If you sent an email or otherwise contacted N.C. lawmakers on the House Select Committee on Early Childhood Education Improvement, thank you. Your opposition to changes the panel planned to recommend that would take away thousands of at-risk children's access to pre-kindergarten programs likely helped change their minds.
On Thursday, the panel ditched a draft report's controversial recommendations to dramatically lower the income eligibility guidelines - a change that would disqualify many financially struggling families from participating. Members also backed away from a recommendation that state pre-K be provided solely in private child care facilities - not in public schools.
We applaud panel members for listening and changing course. As we said Sunday, taking away poor children's access to pre-K is not in the best interests of either the students or this state. We encouraged our readers to contact panel members and tell them that. Feedback we've received show a number of you did.
On Thursday, several advocacy groups said they were gratified. Said N.C. Justice Center executive director Melinda Lawrence in a statement: "The House Select Committee demonstrated respect for the democratic process and responded to the public comment we and an array of other organizations submitted."
Added Rob Thompson, executive director of The Covenant with North Carolina's Children, in a statement: "The committee chairs, Rep. Justin Burr and Rep. Rayne Brown, deserve credit for listening to child advocates and the public and slowing this process down... This is a good first step in a long process."
They're right. But Thompson alludes to the clinging uneasiness about it. That's because the Republican-controlled legislature has been open about dismantling the state pre-K program. In its 2011-2012 budget, it slashed funding for the pre-K program by 20 percent and established a co-payment charged to parents of children who attended.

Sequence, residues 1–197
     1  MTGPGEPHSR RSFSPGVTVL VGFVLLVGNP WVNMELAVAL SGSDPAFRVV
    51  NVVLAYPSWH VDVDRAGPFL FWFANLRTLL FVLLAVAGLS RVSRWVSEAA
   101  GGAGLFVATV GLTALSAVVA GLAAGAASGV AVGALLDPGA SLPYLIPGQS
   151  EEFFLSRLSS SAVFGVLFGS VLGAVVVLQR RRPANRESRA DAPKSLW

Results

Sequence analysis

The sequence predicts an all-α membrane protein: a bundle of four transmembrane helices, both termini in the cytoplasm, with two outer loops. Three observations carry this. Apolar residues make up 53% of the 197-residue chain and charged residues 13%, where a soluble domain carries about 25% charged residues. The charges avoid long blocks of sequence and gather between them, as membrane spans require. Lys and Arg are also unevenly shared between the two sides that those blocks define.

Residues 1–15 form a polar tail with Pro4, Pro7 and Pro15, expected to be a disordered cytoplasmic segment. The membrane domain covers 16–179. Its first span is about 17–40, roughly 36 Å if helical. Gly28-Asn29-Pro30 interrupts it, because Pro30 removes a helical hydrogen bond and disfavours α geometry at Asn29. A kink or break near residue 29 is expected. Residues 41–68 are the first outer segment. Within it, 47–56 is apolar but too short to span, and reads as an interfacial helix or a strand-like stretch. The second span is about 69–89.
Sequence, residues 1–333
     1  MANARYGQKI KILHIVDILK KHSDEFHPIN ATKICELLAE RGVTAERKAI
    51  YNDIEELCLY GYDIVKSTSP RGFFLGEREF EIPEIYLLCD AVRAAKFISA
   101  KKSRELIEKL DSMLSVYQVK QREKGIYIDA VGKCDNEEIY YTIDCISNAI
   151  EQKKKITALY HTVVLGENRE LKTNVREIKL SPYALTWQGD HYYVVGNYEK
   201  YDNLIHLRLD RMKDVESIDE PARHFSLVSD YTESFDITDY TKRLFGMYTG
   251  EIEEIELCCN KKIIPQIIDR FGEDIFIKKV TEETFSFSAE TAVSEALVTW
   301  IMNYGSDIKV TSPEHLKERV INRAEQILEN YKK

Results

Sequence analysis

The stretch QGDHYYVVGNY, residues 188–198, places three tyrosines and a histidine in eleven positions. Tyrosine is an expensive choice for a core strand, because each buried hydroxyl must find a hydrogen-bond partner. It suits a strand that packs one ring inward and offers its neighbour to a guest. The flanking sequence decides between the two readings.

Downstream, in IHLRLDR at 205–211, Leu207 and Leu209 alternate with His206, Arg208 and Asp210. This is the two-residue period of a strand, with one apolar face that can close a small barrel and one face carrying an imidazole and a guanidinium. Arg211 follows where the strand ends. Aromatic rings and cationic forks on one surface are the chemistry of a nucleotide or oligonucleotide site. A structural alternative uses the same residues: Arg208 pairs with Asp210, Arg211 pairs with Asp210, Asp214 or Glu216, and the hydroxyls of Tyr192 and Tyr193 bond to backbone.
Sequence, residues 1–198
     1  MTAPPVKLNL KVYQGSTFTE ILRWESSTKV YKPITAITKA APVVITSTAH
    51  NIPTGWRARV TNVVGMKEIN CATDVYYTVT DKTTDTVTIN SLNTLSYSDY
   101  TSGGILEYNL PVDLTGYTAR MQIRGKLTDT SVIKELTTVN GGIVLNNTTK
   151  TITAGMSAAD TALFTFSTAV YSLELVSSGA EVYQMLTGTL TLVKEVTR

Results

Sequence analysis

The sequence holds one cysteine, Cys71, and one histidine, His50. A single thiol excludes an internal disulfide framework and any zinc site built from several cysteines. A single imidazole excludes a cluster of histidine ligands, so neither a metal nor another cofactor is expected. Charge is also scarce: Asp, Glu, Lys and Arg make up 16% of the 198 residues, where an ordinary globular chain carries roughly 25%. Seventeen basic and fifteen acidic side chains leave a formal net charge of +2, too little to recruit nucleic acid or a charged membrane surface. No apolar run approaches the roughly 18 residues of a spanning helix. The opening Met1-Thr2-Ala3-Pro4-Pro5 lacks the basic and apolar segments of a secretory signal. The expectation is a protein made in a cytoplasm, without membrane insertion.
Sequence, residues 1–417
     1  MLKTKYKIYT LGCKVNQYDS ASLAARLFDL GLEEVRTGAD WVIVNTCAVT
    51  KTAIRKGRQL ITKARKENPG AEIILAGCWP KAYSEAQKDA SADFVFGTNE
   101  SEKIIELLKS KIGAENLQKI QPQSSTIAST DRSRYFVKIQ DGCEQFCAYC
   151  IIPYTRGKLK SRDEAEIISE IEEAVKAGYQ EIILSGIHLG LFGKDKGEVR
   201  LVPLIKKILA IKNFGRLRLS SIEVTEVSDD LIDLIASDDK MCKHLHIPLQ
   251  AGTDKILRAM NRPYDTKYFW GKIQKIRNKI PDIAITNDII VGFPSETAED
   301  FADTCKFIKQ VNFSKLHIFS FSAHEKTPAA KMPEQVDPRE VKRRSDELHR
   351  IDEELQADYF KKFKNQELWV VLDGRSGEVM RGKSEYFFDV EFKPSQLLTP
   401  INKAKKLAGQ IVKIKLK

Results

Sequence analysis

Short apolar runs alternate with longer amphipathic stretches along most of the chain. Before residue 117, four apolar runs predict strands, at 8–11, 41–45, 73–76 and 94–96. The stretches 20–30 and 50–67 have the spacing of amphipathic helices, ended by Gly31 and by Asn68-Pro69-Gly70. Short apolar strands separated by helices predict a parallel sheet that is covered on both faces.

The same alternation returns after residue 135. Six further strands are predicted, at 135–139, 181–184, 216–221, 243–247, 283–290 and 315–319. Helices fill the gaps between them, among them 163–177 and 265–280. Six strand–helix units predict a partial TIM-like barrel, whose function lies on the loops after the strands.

Wake County Superior Court Judge Howard Manning, who has been overseeing state compliance with rulings in a school finance lawsuit, called those moves unconstitutional. He ordered them halted, saying the moves denied education access for all eligible at-risk 4-year-olds.
The co-pay was stopped. But lawmakers did not restore funding that eliminated 4,000 preschool slots. They also ignored changes Gov. Bev Perdue proposed to open up more slots. So recently, Perdue ordered the transfer of $9.3 million from unspent child care subsidy funds to make room available for 2,000 more poor kids this year.
On Thursday, though the House panel didn't make its controversial recommendations, members continued to express a preference for narrowing eligibility so fewer children would qualify. And one member, Rep. George Cleveland, R-Onslow, made the astounding claim that no N.C. children lived in "extreme poverty." He also challenged Census data showing a growing number of poor N.C. children.
Those would be laughable comments if people like Cleveland weren't helping set policy for the continued prosperity of this state and for the welfare of its people, especially children - the most vulnerable.
Such ill-informed comments show how critical this fight still is. The public must continue to be vigilant and vocal about this issue. All of us, including lawmakers, must stand up for children. They're our best hope for the future - and we are theirs.